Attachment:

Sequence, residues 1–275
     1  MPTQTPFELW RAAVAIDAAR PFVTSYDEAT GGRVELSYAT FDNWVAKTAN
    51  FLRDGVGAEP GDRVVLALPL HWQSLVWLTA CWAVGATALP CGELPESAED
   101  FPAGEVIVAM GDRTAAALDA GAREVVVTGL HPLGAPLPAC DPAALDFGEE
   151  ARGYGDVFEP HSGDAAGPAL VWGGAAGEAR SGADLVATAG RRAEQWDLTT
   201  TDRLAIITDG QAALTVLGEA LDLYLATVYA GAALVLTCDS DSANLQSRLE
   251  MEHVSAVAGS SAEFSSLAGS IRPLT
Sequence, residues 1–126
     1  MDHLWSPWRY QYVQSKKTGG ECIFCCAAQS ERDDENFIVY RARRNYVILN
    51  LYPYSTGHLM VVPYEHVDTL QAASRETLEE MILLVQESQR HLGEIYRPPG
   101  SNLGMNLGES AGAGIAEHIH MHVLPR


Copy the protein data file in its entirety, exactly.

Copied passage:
Sequence, residues 1–275
     1  MPTQTPFELW RAAVAIDAAR PFVTSYDEAT GGRVELSYAT FDNWVAKTAN
    51  FLRDGVGAEP GDRVVLALPL HWQSLVWLTA CWAVGATALP CGELPESAED
   101  FPAGEVIVAM GDRTAAALDA GAREVVVTGL HPLGAPLPAC DPAALDFGEE
   151  ARGYGDVFEP HSGDAAGPAL VWGGAAGEAR SGADLVATAG RRAEQWDLTT
   201  TDRLAIITDG QAALTVLGEA LDLYLATVYA GAALVLTCDS DSANLQSRLE
   251  MEHVSAVAGS SAEFSSLAGS IRPLT
Sequence, residues 1–126
     1  MDHLWSPWRY QYVQSKKTGG ECIFCCAAQS ERDDENFIVY RARRNYVILN
    51  LYPYSTGHLM VVPYEHVDTL QAASRETLEE MILLVQESQR HLGEIYRPPG
   101  SNLGMNLGES AGAGIAEHIH MHVLPR